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Tkacik Group

Information Processing in Biological Systems

How do networks built out of biological components – neurons, signaling molecules, genes, or even cooperating organisms – process information? In contrast to engineered systems, biological networks operate under strong constraints due to noise, limited energy, or specificity, yet nevertheless perform their functions reliably. The group uses biophysics and information theory to understand the principles and mechanisms behind this remarkable phenomenon.

How can cells in a multicellular organism reproducibly decide what tissue they are going to become? How do neurons in the retina cooperate to best encode visual information into neural spikes? How does the physics at the microscopic scale, which dictates how individual regulatory molecules interact with each other, constrain the kinds of regulatory networks that are observed in real organisms today, and how can such networks evolve? These are some of the questions addressed by the Tkačik group. About half of their time is dedicated to data-driven projects performed in close collaboration with experimentalists, and half on purely theoretical projects. Their goal is to develop theoretical ideas about biological network function and connect them to high-precision data.

On this site:


Image of Reka Borbely

Reka Borbely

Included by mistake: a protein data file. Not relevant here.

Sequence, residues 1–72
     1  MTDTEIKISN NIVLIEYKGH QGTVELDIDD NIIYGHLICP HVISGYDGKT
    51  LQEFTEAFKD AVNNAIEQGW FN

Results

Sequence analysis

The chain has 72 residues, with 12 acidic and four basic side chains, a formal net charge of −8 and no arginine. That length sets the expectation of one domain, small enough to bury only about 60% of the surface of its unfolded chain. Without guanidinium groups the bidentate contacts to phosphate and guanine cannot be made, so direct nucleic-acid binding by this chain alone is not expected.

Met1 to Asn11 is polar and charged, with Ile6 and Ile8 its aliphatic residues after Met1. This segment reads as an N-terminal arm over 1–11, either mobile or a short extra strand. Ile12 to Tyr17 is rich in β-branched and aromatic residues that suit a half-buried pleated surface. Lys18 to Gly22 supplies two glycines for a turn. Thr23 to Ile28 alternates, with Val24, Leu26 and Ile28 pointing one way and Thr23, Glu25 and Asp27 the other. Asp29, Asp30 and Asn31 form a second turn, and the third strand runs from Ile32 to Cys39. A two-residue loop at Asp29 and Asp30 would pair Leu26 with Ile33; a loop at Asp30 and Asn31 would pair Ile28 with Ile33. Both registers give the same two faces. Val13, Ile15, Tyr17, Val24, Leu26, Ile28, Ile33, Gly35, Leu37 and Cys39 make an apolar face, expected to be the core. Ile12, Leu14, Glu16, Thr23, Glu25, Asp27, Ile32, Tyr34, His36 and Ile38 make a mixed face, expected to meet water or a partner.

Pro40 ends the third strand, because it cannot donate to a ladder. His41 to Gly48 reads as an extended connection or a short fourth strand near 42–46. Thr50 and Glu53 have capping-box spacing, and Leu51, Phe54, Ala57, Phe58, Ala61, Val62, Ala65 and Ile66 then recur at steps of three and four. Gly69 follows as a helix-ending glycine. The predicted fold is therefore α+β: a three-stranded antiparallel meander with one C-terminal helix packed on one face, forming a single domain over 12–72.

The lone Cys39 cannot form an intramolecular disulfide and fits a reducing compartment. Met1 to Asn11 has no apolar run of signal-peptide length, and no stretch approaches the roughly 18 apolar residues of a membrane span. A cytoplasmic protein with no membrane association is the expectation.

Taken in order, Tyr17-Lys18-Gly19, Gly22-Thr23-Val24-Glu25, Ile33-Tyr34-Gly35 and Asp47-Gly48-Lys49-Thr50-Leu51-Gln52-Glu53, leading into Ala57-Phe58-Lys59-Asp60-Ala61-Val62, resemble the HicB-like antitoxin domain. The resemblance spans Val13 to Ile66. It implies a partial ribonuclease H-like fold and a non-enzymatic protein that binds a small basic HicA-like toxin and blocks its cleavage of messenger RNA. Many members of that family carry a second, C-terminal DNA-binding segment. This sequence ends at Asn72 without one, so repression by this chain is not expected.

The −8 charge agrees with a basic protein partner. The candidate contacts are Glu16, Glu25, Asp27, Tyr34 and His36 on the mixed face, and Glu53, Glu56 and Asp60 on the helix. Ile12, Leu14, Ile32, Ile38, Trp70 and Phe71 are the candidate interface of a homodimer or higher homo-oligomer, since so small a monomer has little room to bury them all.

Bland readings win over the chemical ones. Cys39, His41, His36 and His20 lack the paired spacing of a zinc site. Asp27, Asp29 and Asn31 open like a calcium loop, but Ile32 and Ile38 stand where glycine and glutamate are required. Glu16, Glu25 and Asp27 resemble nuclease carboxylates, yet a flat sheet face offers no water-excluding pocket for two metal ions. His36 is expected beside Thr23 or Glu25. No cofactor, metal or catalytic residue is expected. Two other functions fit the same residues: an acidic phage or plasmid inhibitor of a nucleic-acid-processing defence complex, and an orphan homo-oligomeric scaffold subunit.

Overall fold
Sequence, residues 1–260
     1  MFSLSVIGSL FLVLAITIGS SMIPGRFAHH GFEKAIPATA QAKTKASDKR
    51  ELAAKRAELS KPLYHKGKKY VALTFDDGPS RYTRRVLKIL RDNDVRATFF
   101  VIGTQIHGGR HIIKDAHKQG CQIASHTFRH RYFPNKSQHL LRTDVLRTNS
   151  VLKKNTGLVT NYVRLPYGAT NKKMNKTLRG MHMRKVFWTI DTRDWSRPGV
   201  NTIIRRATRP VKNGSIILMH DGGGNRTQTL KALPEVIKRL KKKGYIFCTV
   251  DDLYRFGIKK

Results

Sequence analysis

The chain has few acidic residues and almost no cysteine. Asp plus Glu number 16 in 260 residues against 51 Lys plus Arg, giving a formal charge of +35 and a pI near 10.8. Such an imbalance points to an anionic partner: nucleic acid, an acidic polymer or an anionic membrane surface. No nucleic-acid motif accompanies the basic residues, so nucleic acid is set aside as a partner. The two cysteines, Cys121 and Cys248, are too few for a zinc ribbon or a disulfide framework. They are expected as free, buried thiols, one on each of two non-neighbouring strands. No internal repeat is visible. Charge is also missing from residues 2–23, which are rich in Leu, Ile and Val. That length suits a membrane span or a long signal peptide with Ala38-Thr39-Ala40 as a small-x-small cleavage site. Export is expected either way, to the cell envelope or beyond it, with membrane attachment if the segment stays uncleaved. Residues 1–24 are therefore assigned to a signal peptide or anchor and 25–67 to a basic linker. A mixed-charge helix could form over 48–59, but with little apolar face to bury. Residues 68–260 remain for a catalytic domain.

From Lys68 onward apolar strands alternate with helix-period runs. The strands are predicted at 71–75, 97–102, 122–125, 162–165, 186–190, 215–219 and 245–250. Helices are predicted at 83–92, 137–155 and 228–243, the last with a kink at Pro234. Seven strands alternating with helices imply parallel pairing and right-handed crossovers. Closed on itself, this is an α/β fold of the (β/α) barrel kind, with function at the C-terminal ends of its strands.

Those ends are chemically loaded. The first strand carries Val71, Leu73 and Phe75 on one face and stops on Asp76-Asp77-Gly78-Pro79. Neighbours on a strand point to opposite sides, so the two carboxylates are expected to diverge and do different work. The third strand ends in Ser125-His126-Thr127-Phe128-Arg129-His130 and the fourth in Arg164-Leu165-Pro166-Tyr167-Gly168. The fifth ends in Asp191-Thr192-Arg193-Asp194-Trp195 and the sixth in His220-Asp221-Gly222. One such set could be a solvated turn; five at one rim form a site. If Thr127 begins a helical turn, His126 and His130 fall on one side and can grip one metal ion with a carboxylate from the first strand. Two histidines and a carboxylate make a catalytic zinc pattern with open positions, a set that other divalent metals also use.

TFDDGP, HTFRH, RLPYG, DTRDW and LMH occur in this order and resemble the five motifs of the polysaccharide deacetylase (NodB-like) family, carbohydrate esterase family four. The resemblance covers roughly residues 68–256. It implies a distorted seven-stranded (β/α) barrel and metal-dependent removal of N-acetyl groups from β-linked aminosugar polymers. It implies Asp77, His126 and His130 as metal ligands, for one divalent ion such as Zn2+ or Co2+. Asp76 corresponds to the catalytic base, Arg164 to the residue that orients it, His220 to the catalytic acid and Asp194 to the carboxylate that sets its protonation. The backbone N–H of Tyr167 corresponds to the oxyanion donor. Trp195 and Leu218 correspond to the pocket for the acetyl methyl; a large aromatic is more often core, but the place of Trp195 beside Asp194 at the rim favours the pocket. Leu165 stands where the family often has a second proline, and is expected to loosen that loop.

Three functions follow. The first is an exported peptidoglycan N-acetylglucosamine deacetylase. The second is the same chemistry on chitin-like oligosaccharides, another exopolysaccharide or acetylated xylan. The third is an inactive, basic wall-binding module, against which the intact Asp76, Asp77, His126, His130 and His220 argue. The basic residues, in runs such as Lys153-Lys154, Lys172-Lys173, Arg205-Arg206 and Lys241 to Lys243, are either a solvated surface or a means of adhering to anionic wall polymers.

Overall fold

PhD Student

Image of Céline Camila Coraly Bräutigam

Céline Camila Coraly Bräutigam

PhD Student

Image of Athina Diakogianni

Athina Diakogianni

PhD Student

Image of Michal Hledik

Michal Hledik

PhD Student

Image of Fabrizio Lombardi

Fabrizio Lombardi

Postdoctoral Visiting Scientist

Image of Ekaterina Maksimova

Ekaterina Maksimova

PhD Student

Image of Tetiana Rabiichuk

Tetiana Rabiichuk

PhD Student

Image of Simon Rella

Simon Rella

PhD Student

Image of Julian Renaud

Julian Renaud

PhD Student

Image of Natalia Ruzickova

Natalia Ruzickova

PhD Student

Image of Sreyam Sengupta

Sreyam Sengupta

PhD Student

Image of Bahti Zakirov

Bahti Zakirov

PhD Student

Current Projects

Visual encoding in the retina | Genetic regulation during early embryogenesis | Collective dynamics | Evolution of gene regulation


Lombardi F, Pepic S, Shriki O, Tkačik G, De Martino D. 2023. Statistical modeling of adaptive neural networks explains co-existence of avalanches and oscillations in resting human brain. Nature Computational Science. View

Mlynarski WF, Tkačik G. 2022. Efficient coding theory of dynamic attentional modulation. PLoS Biology. 20(12), e3001889. View

Zoller B, Gregor T, Tkačik G. 2022. Eukaryotic gene regulation at equilibrium, or non? Current Opinion in Systems Biology. 31(9), 100435. View

Hledik M, Barton NH, Tkačik G. 2022. Accumulation and maintenance of information in evolution. Proceedings of the National Academy of Sciences. 119(36), e2123152119. View

Ngampruetikorn V, Sachdeva V, Torrence J, Humplik J, Schwab DJ, Palmer SE. 2022. Inferring couplings in networks across order-disorder phase transitions. Physical Review Research. 4(2), 023240. View

View All Publications

ReX-Link: Gasper Tkacik


since 2017 Professor, Institute of Science and Technology Austria (ISTA)
2011 – 2016 Assistant Professor, Institute of Science and Technology Austria (ISTA)
2008 – 2010 Postdoc, University of Pennsylvania, Philadelphia, USA
2007 Postdoc, Princeton University, USA
2007 PhD, Princeton University, USA

Selected Distinctions

2018 HFSP Grant
2012 HFSP Grant
2003 Burroughs-Wellcome Fellowship, Princeton University
2002 Golden Sign of the University of Ljubljana

Additional Information

Open Tkacik group website
Physics & Beyond at ISTA

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